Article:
Disney is About to Lose Rights to 1928’s ‘Steamboat Willie’ Version of Mickey Mouse
It isn’t Disney without Mickey Mouse. The beloved mouse first debuted in the short film Steamboat Willie 100 years ago on November 18, 1928. Now, Disney is about to lose its copyright on that version of Mickey in just a few months. What does that actually mean? Will Disney lose exclusive rights to Mickey forever?
The original version of Mickey Mouse as seen in Steamboat Willie will enter the public domain after its copyright runs out on January 1, 2024. This isn’t the first time this situation has come up. In 1928, U.S. copyright laws allowed for the copyright of intellectual property to last 28 years and the ability to extend that another 28 years. In the ’80s, Disney approached their eventual expiration date and they lobbied Congress to change the copyright laws. Congress ended up altering the law, known as the “Mickey Mouse Protection Act” and Steamboat Willie‘s character was safe until 2024.
As of now, there is no evidence to suggest that Disney has tried to save this version of Mickey or extend the copyright. Even so, it seems that Disney would still attempt to continue to copyright such a historical part of its history but there are no guarantees that lawmakers would grant the company any more extensions. When the copyright expires, if nothing is done, that means other companies and people can use the likeness without issue and one company is already taking advantage.
An American art collective enterprise called MSCHF has already created a “token” featuring an image that looks very close to Steamboat Willie‘s Mickey but has just enough changes to avoid any copyright issues until it expires. MSCHF CCO, Kevin Wiesner explains, “Mickey is the first classic Disney character that’s set to enter the public domain (specifically the Steamboat Willie incarnation). Disney is notoriously litigious, so they’re the perfect target for this kind of copyright loophole shenanigans.”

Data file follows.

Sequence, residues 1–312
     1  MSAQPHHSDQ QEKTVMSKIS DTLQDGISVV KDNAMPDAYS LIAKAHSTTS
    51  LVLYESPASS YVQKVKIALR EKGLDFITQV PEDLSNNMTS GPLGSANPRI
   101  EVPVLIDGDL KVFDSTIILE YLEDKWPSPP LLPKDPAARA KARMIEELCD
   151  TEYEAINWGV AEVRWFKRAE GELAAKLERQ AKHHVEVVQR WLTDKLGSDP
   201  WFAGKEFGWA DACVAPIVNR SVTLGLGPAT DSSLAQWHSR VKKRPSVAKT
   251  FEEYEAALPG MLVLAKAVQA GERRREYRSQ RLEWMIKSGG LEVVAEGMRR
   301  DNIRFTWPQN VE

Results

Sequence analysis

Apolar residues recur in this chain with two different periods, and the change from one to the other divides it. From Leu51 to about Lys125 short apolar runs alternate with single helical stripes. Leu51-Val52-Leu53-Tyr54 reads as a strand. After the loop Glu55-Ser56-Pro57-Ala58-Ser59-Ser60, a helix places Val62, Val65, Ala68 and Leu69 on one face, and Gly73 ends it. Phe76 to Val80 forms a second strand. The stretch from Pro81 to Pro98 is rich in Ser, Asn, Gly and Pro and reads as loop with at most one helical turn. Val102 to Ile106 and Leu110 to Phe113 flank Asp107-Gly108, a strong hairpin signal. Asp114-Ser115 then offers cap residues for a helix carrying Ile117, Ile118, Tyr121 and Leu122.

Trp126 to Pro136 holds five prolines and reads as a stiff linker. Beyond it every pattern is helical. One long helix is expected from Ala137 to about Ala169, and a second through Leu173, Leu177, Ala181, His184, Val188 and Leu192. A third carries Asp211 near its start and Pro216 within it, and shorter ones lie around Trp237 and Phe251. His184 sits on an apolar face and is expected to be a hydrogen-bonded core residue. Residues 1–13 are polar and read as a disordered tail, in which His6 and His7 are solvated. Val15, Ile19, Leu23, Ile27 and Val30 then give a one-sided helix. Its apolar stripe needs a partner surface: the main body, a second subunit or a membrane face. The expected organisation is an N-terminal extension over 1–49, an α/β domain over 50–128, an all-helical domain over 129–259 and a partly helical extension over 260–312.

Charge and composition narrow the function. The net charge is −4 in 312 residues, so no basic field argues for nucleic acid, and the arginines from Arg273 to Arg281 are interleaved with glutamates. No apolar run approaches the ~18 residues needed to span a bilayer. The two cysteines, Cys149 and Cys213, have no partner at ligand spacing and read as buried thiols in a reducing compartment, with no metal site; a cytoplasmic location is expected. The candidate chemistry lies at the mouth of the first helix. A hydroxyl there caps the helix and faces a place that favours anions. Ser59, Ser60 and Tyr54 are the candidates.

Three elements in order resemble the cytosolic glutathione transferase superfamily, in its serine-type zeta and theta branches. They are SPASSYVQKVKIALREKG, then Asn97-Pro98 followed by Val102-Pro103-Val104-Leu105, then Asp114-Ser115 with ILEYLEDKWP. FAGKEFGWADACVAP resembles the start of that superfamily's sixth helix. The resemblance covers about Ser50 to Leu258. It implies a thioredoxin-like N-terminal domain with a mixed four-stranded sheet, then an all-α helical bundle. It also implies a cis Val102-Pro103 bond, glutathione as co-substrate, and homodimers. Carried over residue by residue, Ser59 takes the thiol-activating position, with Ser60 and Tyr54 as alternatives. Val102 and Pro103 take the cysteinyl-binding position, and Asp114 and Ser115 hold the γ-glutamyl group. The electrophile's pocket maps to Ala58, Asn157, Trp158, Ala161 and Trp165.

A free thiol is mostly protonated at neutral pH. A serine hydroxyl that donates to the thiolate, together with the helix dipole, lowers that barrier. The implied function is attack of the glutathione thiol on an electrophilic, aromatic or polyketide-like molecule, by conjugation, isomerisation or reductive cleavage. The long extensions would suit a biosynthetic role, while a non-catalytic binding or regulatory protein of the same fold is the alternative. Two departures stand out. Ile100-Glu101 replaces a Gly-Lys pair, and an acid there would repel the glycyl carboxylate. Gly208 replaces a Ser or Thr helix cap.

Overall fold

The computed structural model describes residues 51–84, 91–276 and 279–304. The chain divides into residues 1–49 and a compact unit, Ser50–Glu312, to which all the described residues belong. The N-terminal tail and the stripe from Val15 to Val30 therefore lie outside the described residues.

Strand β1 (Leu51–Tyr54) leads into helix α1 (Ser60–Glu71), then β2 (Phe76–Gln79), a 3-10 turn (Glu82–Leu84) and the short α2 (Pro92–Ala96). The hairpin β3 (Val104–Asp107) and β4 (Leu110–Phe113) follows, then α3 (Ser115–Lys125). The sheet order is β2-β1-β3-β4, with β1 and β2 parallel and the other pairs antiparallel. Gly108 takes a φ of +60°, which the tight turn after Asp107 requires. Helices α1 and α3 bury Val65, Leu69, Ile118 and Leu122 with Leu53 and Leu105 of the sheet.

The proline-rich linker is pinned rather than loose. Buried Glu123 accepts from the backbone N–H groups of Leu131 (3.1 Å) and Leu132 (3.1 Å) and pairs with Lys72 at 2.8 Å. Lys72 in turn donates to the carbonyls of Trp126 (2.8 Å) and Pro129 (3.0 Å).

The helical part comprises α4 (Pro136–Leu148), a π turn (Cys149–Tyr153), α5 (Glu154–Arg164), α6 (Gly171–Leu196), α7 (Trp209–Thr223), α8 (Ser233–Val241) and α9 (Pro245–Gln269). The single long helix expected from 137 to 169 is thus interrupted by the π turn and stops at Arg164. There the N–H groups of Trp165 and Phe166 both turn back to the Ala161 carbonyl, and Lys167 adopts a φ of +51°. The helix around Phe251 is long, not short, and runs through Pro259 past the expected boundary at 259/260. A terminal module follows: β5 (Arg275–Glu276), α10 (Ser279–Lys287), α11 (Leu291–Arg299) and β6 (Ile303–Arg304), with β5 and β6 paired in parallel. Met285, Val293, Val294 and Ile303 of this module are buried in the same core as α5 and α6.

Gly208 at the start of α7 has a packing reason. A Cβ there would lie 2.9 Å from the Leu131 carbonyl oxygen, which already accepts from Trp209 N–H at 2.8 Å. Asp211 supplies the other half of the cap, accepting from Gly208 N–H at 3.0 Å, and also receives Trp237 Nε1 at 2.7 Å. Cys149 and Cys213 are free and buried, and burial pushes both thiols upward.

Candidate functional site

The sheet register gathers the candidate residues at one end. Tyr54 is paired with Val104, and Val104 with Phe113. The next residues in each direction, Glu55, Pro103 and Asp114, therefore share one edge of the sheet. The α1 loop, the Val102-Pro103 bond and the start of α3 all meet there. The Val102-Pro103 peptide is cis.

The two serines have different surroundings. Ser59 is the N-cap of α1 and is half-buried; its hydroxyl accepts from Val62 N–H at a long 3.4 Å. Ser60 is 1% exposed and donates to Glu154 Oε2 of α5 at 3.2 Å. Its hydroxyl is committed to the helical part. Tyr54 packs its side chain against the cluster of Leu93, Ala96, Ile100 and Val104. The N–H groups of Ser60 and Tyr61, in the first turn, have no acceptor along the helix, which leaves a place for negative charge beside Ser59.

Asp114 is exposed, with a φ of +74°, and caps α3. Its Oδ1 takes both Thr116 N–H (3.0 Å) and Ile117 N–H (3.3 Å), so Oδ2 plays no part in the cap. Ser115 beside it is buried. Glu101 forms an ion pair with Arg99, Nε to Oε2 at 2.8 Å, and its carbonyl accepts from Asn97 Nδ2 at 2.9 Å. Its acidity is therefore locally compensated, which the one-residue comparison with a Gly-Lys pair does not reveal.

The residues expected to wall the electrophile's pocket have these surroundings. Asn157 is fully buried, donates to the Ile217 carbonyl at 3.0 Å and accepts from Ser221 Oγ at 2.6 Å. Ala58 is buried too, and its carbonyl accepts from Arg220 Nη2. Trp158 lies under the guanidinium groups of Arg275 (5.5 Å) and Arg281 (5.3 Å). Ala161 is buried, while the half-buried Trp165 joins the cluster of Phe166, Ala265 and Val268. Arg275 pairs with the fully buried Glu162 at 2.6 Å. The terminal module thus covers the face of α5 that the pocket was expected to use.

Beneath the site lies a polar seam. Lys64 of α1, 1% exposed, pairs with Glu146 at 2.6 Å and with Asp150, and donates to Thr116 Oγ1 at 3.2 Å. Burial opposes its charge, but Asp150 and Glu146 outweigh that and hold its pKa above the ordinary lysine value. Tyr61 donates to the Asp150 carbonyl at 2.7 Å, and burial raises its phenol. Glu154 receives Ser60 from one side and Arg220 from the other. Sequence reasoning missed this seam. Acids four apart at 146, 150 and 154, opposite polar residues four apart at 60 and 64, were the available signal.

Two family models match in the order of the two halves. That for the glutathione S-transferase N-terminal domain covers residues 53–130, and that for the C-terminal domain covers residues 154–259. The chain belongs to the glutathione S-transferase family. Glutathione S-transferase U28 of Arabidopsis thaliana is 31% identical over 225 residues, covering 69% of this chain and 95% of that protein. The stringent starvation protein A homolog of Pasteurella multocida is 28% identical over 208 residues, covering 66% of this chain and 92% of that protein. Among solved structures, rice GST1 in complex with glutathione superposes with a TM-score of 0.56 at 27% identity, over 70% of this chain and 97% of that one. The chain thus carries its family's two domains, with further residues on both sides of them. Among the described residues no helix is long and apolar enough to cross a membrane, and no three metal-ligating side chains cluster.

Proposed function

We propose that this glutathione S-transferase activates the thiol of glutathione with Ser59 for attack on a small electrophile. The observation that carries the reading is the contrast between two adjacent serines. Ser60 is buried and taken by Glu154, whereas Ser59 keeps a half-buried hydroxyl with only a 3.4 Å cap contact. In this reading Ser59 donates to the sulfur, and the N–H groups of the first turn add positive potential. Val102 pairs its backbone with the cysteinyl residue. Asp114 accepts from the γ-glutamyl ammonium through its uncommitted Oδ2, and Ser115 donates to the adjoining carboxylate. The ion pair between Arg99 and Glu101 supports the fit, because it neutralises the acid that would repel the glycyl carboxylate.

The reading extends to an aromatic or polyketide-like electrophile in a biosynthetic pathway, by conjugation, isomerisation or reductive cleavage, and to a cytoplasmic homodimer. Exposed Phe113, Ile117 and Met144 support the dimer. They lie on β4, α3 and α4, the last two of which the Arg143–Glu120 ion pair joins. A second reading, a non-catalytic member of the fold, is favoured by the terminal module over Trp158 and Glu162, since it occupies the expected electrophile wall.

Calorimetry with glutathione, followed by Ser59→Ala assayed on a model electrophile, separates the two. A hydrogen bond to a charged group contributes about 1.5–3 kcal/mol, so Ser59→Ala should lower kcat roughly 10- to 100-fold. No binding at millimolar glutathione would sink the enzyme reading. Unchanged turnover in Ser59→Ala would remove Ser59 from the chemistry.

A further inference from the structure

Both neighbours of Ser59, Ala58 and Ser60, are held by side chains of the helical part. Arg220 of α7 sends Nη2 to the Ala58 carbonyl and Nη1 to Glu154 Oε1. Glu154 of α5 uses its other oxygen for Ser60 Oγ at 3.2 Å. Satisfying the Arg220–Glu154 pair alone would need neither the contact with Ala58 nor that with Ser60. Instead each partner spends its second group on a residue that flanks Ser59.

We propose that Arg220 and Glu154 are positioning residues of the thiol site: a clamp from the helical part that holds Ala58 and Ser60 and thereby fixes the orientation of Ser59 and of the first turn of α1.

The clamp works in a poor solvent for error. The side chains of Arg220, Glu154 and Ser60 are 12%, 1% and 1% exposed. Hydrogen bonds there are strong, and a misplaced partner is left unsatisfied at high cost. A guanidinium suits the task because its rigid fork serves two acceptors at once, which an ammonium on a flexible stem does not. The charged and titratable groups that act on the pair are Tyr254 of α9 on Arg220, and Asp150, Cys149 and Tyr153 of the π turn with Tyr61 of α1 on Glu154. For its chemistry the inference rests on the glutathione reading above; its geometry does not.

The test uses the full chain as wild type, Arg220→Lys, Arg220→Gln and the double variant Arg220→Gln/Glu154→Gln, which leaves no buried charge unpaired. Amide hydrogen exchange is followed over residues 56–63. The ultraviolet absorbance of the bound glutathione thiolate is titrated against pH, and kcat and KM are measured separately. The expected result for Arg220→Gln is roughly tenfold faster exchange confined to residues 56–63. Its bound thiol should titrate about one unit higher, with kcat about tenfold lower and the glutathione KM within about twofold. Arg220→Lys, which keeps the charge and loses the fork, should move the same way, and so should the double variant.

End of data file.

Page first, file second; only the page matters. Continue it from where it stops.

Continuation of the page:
The whole situation is pretty unclear right now, but if nothing changes anyone can use Mickey Mouse from Steamboat Willie and avoid any copyright lawsuits from Disney. Which begs the question, how did this version of Mickey come to fruition? Many associate Walt Disney with his creation but many don’t realize that a man named Ub Iwerks was the one to draw the cartoon character. Prior, Walt Disney had contracted a man named Charles Mintz to create a character. He came up with Oswald the Lucky Rabbit. However, his contract wasn’t so strict and he ended up stealing the character and bringing him over to Disney’s competition Universal, and bringing many of Disney’s animators along with them.
One who stayed with Disney was Iwerks. Disney had the idea for a mouse named Mortimer but his wife Lillian said that the name was “too depressing” and suggested the name Mickey instead. He worked with Iwerks to create Steamboat Willie and saved the company. Each year, Mickey celebrates his birthday on November 18, but this year may be his last celebration exclusively at Disney.